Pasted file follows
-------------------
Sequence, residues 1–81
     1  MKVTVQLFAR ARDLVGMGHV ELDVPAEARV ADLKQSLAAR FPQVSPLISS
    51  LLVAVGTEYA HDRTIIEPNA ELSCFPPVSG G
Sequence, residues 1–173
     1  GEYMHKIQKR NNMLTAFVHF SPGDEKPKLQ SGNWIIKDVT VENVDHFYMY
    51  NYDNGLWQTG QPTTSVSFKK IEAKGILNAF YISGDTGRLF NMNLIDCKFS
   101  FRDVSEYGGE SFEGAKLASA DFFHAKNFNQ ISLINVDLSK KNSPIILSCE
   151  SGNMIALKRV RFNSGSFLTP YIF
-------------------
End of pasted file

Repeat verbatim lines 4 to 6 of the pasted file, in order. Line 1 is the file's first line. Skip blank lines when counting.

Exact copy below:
Sequence, residues 1–173
     1  GEYMHKIQKR NNMLTAFVHF SPGDEKPKLQ SGNWIIKDVT VENVDHFYMY
    51  NYDNGLWQTG QPTTSVSFKK IEAKGILNAF YISGDTGRLF NMNLIDCKFS